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A 305-year continuous monthly rainfall series for the island of Ireland (1711–2016)

Murphy, Conor; Broderick, Ciaran; Burt, Timothy P.; Curley, Mary; Duffy, Catriona; Hall, Julia; Harrigan, Shaun; Matthews, Tom K.R.; Macdonald, Neil; McCarthy, Gerard; McCarthy, Mark P.; Mullan, Donal; Noone, Simon; Osborn, Timothy J.; Ryan, Ciara; Sweeney, John; Thorne, Peter W.; Walsh, Seamus; Wilby, Robert L.

A 305-year continuous monthly rainfall series for the island of Ireland (1711–2016) Thumbnail


Authors

Conor Murphy

Ciaran Broderick

Timothy P. Burt

Mary Curley

Catriona Duffy

Julia Hall

Shaun Harrigan

Tom K.R. Matthews

Neil Macdonald

Gerard McCarthy

Mark P. McCarthy

Donal Mullan

Simon Noone

Timothy J. Osborn

Ciara Ryan

John Sweeney

Peter W. Thorne

Seamus Walsh

Robert L. Wilby



Abstract

A continuous 305-year (1711–2016) monthly rainfall series (IoI_1711) is created for the Island of Ireland. The post 1850 series draws on an existing quality assured rainfall network for Ireland, while pre-1850 values come from instrumental and documentary series compiled, but not published by the UK Met Office. The series is evaluated by comparison with independent long-term observations and reconstructions of precipitation, temperature and circulation indices from across the British–Irish Isles. Strong decadal consistency of IoI_1711 with other long-term observations is evident throughout the annual, boreal spring and autumn series. Annually, the most recent decade (2006–2015) is found to be the wettest in over 300 years. The winter series is probably too dry between the 1740s and 1780s, but strong consistency with other long-term observations strengthens confidence from 1790 onwards. The IoI_1711 series has remarkably wet winters during the 1730s, concurrent with a period of strong westerly airflow, glacial advance throughout Scandinavia and near unprecedented warmth in the Central England Temperature record – all consistent with a strongly positive phase of the North Atlantic Oscillation. Unusually wet summers occurred in the 1750s, consistent with proxy (tree-ring) reconstructions of summer precipitation in the region. Our analysis shows that inter-decadal variability of precipitation is much larger than previously thought, while relationships with key modes of climate variability are time-variant. The IoI_1711 series reveals statistically significant multi-centennial trends in winter (increasing) and summer (decreasing) seasonal precipitation. However, given uncertainties in the early winter record, the former finding should be regarded as tentative. The derived record, one of the longest continuous series in Europe, offers valuable insights for understanding multi-decadal and centennial rainfall variability in Ireland, and provides a firm basis for benchmarking other long-term records and reconstructions of past climate. Correlation of Irish rainfall with other parts of Europe increases the utility of the series for understanding historical climate in further regions.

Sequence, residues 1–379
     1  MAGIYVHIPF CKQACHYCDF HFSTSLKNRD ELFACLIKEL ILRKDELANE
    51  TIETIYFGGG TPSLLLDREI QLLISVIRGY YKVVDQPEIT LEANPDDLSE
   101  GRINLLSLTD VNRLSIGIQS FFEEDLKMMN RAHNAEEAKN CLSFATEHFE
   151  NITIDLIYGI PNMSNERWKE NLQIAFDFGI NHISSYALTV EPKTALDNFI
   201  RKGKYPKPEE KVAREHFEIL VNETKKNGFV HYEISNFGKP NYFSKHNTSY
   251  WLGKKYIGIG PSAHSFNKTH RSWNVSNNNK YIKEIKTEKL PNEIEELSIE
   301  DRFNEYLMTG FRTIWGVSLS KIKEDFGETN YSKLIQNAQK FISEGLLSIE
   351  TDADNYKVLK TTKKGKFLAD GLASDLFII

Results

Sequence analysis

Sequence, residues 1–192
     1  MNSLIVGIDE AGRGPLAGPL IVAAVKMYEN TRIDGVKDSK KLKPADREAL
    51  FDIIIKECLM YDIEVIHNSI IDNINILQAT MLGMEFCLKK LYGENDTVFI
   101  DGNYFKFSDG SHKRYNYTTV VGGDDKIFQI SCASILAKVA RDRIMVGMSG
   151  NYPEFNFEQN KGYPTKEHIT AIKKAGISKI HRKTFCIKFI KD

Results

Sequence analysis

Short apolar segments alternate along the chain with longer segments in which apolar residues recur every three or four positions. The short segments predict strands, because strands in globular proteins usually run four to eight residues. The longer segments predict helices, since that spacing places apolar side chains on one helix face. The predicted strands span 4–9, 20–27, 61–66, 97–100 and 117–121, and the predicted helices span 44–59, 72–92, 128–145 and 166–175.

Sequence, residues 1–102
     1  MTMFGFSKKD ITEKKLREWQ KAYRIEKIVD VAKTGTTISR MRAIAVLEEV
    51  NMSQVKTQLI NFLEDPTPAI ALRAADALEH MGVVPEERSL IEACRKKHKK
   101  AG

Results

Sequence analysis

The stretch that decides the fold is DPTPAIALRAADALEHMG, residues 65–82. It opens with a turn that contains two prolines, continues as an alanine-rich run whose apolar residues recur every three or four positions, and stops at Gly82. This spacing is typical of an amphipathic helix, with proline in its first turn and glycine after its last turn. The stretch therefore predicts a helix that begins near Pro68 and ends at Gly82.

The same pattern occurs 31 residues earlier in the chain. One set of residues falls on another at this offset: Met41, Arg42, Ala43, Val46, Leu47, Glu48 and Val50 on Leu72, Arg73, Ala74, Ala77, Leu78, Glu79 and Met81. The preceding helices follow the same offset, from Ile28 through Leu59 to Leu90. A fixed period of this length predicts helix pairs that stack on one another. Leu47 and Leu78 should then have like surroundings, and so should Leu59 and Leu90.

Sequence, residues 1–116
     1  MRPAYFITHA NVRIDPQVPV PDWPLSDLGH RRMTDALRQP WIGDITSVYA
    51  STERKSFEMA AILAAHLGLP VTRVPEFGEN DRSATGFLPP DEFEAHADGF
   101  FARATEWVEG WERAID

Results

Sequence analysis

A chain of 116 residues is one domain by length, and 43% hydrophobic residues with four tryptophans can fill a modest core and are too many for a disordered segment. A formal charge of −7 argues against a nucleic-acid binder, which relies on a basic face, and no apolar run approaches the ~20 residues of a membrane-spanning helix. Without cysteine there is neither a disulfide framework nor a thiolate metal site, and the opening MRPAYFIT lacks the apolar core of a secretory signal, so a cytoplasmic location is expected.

Citation

Murphy, C., Broderick, C., Burt, T. P., Curley, M., Duffy, C., Hall, J., …Wilby, R. L. (2018). A 305-year continuous monthly rainfall series for the island of Ireland (1711–2016). Climate of the Past, 14(3), 413-440. https://doi.org/10.5194/cp-14-413-2018

Journal Article Type Article
Acceptance Date Feb 16, 2018
Online Publication Date Mar 27, 2018
Publication Date Mar 27, 2018
Deposit Date Apr 19, 2018
Publicly Available Date Apr 19, 2018
Journal Climate of the Past
Print ISSN 1814-9324
Electronic ISSN 1814-9332
Publisher European Geosciences Union
Peer Reviewed Peer Reviewed
Volume 14
Issue 3
Pages 413-440
DOI https://doi.org/10.5194/cp-14-413-2018

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